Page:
How to Teach Kids Football Positions

Updated May 11, 2018

Teaching kids about the positions on a football team is one of the first jobs a youth football coach will face. For kids, learning about each position, the skills required to play it and how it relates to the team as a whole provides a base for developing an appreciation of teamwork and the sport itself. It can be challenging but rewarding to teach even kids who are absolute beginners about football positions.

Explain verbally to the kids on your team what each position is and what basic skills are required to play each position. The end of an early workout session is a good time to do this. Start with the basics, explaining the difference between offence and defence. Verbally go through the name of each major position and what it means.

Demonstrate the fundamentals of snapping the football, playing out of the shotgun formation, handing off, laterals and throwing and catching passes when you are focusing on the offensive positions. Explain how the quarterback communicates with the other offensive players, including the linemen, in designing and running plays.

Explain that the primary job of the defensive positions, particularly on the youth football level, is to stop the inside run. Do not worry about stopping the big play, or outside plays such as the sweep, until the kids have mastered the fundamentals of defence. Stress how the various defensive positions work together so the kids learn about teamwork.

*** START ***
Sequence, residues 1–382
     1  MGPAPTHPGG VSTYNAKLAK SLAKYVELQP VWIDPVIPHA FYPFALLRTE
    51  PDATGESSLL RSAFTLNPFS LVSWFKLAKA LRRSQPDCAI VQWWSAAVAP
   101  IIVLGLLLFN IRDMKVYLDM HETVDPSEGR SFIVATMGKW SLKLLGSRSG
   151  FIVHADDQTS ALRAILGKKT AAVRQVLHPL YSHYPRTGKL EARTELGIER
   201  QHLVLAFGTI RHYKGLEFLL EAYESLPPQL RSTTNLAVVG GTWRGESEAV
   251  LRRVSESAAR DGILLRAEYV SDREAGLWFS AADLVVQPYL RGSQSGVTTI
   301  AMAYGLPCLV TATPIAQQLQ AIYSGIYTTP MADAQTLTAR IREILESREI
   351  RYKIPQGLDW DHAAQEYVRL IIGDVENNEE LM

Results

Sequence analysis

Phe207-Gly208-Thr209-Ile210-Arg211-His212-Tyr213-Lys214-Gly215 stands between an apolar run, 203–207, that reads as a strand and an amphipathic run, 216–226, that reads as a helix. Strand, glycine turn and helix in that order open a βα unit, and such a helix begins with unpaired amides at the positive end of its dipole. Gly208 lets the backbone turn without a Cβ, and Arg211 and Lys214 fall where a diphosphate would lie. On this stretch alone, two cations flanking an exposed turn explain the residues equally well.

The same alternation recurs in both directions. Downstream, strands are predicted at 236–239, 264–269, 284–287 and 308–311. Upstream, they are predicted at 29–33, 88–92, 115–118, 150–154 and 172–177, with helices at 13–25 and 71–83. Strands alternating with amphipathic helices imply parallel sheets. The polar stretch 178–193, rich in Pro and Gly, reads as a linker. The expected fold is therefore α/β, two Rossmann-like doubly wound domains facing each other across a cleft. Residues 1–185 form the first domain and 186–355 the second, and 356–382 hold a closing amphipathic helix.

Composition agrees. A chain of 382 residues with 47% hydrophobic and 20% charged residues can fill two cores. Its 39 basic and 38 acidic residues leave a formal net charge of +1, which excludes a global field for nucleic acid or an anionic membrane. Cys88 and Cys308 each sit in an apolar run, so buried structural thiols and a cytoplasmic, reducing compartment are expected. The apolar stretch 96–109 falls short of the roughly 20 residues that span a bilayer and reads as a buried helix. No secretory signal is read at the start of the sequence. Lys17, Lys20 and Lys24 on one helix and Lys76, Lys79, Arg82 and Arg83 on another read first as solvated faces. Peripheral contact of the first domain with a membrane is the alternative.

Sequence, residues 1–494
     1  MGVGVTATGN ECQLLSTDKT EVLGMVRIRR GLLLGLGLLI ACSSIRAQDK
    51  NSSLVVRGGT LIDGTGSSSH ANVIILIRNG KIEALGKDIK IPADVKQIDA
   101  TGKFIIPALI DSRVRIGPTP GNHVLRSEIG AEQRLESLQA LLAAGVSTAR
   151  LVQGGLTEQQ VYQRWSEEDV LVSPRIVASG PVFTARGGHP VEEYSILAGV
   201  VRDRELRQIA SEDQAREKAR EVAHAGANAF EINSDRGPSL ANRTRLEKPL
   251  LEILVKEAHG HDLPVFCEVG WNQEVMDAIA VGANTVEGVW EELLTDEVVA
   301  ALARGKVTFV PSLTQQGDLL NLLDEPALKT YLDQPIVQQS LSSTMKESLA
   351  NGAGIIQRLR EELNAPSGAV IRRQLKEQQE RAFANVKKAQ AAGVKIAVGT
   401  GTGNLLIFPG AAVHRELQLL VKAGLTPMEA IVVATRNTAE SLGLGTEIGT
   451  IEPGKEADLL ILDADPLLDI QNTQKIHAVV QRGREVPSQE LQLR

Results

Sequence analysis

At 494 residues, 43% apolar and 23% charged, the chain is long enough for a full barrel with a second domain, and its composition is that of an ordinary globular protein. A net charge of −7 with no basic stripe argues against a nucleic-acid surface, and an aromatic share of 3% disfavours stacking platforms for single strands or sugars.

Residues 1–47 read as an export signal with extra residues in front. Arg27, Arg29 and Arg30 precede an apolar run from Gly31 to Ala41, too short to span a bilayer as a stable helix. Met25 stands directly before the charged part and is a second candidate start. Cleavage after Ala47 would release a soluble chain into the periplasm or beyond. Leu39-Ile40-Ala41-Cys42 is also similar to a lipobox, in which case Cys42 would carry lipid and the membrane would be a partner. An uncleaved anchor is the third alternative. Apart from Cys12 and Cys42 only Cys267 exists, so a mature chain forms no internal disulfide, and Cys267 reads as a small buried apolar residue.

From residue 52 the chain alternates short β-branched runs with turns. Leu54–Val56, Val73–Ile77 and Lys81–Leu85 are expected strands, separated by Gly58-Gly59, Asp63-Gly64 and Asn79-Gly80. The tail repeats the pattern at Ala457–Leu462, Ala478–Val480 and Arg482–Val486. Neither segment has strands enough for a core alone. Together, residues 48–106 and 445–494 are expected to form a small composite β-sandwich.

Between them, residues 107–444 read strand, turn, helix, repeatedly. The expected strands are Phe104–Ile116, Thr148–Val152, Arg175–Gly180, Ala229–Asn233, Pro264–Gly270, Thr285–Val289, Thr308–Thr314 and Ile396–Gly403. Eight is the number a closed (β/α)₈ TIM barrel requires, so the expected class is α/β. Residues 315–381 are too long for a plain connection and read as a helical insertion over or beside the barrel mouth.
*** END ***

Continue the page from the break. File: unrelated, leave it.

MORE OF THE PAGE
Run scrimmages at full speed to mimic the action of an actual game. This will help the players understand the roles of all of the positions and how they work together during a game. Halt the action of the scrimmage as necessary to make points with the kids about the jobs of various positions on the field. Do not neglect special teams positions such as kicker, punter and kick returner.

Rotate your players through multiple positions on both offence and defence, allowing them to experience the feeling of lining up and playing nearly every position on the field. This will enhance their appreciation of the position they end up playing primarily. It will also increase their respect and understanding of their teammates playing other positions.

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About the Author

Steven Wilkens has been a professional editor and writer since 1994. His work has appeared in national newspapers and magazines, including "The Honolulu Advertiser" and "USA Today." Wilkens received a Bachelor of Arts in English from Saint Joseph's University.